These truths touch our lives at every point. They solve for us the difficult problems of life, and show the purpose of all the experiences through which we pass. By means of them the mind always looks forward; old age becomes the crown of life – not a calamity. Each day becomes more happy because it finds us wiser and better prepared for the life in heaven. So Jerusalem has become a symbol of heaven itself and of a heavenly state of life.
But it is not mere knowledge of these truths that makes heaven. So our text reads, “Tarry ye in the city of Jerusalem, until ye be endued with power from on high.” Clearly it means, tarry in the principles for which Jerusalem stands; tarry in the teachings of the Word until their truth appears; tarry in the truth until its mighty power is revealed – until the mighty power from God comes rushing in.
This is in accord with natural law. Truths are seeds – seeds of a new life – seeds out of which come from on high heavenly states of life when the seeds are planted in the good ground and are cultivated. The Lord is the Sower, His Word is the seed, and the good ground are those who hear and do.
We do not plant a seed in the ground and expect a harvest immediately. Some seeds bear their fruit in a season. Others require years for the harvest. In the Scriptures a man is often likened to a tree. And do we not know that it takes time for our highest possibilities to mature? The youth tarries in school until his mind has developed in strength. The apprentice tarries with his instructor until he has mastered the elements of his occupation. And the Christian must tarry in the Jerusalem of spiritual doctrine until he is endued with the power that inflows from on high. Surely no question can arise as to the truth of this, yet in applying this principle to ourselves how often we doubt the descent of power from on high into our souls as a result of simple obedience to the truth!
One says, “I do not understand; I do not know.” Then tarry in doing what truth teaches, and the light will come, convincing beyond all possible doubt. It takes time for the sun to warm the earth so that it can bring forth fruit.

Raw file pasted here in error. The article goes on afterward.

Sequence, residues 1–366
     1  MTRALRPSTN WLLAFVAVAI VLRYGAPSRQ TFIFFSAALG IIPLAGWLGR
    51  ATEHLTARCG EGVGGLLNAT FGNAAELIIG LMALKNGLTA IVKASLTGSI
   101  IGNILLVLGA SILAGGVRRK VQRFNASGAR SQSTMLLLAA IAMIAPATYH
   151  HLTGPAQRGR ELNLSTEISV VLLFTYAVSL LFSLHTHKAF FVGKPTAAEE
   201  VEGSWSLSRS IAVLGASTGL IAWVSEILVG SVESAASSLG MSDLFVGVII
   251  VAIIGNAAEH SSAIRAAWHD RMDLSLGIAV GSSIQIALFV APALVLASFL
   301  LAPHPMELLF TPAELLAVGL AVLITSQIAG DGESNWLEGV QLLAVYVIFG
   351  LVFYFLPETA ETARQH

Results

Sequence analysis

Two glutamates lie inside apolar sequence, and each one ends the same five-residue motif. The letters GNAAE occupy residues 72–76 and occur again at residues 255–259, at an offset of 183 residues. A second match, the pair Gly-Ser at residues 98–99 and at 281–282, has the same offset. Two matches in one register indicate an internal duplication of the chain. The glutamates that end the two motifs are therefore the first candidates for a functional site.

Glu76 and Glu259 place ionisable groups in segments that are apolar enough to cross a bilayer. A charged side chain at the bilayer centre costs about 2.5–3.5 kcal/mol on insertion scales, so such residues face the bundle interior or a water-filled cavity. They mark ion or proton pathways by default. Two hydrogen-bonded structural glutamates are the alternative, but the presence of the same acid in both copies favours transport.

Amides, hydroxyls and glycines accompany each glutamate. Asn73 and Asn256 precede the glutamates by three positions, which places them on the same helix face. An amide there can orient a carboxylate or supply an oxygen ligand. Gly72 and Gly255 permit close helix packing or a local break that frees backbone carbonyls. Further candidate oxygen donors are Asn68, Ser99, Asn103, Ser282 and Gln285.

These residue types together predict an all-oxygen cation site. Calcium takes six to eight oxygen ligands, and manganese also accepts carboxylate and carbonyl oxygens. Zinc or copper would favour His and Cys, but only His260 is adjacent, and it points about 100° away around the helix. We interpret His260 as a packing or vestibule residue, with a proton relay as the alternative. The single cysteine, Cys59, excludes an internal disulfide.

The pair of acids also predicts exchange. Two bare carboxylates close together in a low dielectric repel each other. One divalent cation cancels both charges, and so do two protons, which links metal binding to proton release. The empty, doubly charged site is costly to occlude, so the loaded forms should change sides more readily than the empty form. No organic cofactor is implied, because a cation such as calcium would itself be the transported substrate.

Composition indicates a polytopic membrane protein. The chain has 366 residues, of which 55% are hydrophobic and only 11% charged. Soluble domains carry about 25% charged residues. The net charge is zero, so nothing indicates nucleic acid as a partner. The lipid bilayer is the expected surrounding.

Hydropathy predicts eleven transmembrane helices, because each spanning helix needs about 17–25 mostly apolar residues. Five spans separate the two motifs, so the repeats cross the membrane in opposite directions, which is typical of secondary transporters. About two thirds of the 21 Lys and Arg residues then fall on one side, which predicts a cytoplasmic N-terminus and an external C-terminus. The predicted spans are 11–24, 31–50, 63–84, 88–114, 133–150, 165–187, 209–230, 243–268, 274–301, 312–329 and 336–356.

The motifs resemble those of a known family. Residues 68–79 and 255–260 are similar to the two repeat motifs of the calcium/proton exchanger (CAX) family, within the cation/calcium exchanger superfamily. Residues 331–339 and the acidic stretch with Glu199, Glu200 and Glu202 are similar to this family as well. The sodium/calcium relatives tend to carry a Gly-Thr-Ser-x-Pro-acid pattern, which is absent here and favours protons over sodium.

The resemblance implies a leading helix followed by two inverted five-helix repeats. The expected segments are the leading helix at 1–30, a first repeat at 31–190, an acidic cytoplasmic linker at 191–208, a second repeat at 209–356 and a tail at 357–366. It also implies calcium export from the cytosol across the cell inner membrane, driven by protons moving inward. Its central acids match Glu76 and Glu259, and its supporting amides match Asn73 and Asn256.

“Except a corn of wheat fall into the ground and die, it abideth alone: but if it die, it bringeth forth much fruit.” Sometimes we become discouraged. We want quick results. Yet we may know that the Lord wishes us to progress with all possible speed. He knows that we cannot advance until certain weaknesses are overcome. In the journey from Egypt to the Holy Land the Israelites could not be led by the short way, but were forty years wandering in the wilderness. All our purely natural ambitions must die, that out of them may come the resurrection.
We wish that the world might advance more rapidly, that all thoughts of strife and war would cease, that the skies would clear and all peoples could live in mutual love, understanding, and peace.
No changing of outward conditions can bring this about. The spiritual skies must first be cleared, so that influx of new life from the Lord can inflow uninterrupted.
The temple was the pride of Jerusalem. Magnificent and beautiful in the eyes of Israel in the heart of their land, it was the center of their national life. Yet, beautiful though it was, Israel had already destroyed this temple. Reality had departed from their worship. Their rejection and crucifixion of the Lord were but the final working out of their destruction. Our writings teach us that truths are of no value as mere ornaments of the mind, and warn us that doctrine alone not only does not save a man, but condemns him.
So let us realize the need of the truths of the church, learn them and live them, that the Holy City may be rebuilt in the hearts of men, to the end that the Lord may inflow with His light and love and endue us with those powers for which He has created us.